What is a Credit Rating?
A credit rating defines the financial strength of a borrower and helps the investor determine the likelihood that the bond issuer will pay coupon payments in a timely fashion and more importantly the initial investment at maturity. There are two major credit rating agencies; they are Standard & Poors and Moody. They both conduct extensive research on the bond issuer before assigning a credit rating to them. The bond rating will affect the interest rate that the issuer will need to pay investors; the stronger the credit rating, the lower the interest expense for the issuer.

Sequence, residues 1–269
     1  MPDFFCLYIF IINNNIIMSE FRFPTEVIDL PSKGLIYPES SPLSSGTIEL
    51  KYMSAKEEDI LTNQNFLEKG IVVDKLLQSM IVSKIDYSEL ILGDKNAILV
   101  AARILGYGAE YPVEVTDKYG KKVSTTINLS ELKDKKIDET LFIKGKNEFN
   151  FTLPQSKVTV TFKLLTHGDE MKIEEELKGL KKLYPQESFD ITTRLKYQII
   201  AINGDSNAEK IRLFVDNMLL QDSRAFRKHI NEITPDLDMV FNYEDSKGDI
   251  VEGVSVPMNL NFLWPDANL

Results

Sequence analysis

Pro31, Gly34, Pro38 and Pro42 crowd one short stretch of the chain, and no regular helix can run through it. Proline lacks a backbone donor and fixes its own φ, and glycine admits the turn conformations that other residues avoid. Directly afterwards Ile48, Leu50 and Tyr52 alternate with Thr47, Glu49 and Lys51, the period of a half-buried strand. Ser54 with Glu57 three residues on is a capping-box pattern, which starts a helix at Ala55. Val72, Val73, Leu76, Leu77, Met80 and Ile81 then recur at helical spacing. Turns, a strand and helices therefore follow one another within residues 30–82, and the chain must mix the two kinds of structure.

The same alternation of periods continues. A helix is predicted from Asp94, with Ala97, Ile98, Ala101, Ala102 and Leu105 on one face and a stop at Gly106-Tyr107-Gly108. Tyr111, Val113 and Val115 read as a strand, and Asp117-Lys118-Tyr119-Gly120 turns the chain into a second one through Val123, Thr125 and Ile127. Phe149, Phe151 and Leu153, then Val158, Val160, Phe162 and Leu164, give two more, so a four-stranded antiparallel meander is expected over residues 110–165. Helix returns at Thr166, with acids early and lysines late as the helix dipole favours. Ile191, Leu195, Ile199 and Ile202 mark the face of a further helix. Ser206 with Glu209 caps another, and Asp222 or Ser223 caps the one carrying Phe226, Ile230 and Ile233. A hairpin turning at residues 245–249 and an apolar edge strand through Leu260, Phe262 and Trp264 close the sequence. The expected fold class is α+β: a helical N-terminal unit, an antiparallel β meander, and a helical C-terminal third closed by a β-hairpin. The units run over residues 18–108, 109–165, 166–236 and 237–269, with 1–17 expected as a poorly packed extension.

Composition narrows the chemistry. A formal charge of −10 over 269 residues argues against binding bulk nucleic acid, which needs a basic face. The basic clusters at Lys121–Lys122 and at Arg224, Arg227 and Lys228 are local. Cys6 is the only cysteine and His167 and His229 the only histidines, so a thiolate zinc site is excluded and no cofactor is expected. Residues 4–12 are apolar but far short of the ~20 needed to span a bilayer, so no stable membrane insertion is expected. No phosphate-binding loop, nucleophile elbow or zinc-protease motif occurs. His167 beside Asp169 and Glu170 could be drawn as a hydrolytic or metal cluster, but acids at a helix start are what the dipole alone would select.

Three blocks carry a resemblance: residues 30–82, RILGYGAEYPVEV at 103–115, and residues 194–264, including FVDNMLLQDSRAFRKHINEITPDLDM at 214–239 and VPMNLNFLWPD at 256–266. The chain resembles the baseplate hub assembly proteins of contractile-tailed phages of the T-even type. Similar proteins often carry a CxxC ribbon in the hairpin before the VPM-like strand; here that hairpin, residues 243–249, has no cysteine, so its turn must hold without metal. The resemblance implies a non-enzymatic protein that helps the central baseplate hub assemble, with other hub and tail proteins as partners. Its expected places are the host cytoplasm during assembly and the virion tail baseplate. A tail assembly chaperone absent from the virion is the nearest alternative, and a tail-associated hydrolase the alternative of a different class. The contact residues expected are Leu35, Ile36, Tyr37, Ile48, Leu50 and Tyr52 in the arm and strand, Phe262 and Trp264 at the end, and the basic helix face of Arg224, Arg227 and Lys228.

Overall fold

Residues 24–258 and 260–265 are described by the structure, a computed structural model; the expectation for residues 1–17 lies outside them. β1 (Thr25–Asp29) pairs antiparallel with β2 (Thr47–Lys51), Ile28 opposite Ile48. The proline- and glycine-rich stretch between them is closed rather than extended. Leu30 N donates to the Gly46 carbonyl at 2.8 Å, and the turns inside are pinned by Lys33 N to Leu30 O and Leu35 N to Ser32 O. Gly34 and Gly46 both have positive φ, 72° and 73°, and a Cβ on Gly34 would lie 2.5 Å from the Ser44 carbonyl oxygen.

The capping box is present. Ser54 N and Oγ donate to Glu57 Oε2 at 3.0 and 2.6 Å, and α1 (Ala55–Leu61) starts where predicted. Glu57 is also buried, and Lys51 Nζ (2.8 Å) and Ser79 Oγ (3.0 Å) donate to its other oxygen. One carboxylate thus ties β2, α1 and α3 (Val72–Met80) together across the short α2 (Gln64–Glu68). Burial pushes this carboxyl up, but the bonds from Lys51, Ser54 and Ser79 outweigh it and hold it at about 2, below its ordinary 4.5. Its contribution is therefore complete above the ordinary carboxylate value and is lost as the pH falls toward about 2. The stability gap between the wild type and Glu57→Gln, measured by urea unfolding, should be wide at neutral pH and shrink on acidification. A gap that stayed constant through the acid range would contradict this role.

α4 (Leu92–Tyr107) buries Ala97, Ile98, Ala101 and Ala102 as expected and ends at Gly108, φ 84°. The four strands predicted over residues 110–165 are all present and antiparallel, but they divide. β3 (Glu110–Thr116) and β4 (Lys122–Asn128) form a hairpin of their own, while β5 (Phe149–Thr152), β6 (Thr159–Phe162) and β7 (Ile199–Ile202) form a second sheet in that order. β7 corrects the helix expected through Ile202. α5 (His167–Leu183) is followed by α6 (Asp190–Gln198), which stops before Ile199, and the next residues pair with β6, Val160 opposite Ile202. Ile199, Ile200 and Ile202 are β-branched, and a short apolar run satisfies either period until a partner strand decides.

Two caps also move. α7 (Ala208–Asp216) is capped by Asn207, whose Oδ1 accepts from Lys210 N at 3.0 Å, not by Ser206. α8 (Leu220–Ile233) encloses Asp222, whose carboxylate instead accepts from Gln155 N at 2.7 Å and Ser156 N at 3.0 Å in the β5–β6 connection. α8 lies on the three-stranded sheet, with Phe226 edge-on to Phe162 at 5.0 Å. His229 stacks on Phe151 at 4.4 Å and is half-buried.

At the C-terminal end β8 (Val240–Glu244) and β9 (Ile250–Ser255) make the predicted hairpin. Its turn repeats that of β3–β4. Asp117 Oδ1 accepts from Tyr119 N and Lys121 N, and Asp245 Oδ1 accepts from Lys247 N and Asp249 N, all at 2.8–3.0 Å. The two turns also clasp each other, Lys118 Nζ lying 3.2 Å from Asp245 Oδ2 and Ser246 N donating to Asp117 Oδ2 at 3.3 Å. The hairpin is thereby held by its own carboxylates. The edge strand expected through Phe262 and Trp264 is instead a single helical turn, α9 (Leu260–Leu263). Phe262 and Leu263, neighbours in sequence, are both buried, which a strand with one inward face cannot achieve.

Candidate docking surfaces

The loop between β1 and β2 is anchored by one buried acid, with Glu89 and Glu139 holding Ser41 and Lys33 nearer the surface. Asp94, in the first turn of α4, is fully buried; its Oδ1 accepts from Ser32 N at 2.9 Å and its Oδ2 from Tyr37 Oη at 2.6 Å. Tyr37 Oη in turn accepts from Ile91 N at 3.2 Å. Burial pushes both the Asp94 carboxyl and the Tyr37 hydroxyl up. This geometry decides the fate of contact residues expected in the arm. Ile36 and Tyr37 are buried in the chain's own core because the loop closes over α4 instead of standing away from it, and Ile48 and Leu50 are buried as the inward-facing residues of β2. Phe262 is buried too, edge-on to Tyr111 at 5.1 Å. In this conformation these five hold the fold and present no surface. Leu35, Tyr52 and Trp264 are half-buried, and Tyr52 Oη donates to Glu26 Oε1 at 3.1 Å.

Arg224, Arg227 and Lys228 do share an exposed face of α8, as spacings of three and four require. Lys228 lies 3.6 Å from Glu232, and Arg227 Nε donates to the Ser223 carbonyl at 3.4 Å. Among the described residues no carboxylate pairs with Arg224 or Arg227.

Each of the credit rating agencies rate debt securities with a slightly different ratings scale. Below, you will see what each of these agencies considers investment grade and non-investment grade securities. Lower credit ratings are not necessarily bad. In fact, many investors invest in lower grade securities to receive higher yields. Due diligence must always be done when investing in any bond, especially lower grade ones which are not investment grade.
Credit ratings agencies have been criticized many times for not reacting fast enough to upgrade or more importantly, downgrade an issuers rating. This was especially the case in 2001 and 2002 when many firms went bankrupt; i.e. Enron and WorldCom. In fact, Enron's credit rating was still investment grade a couple days before they went bankrupt!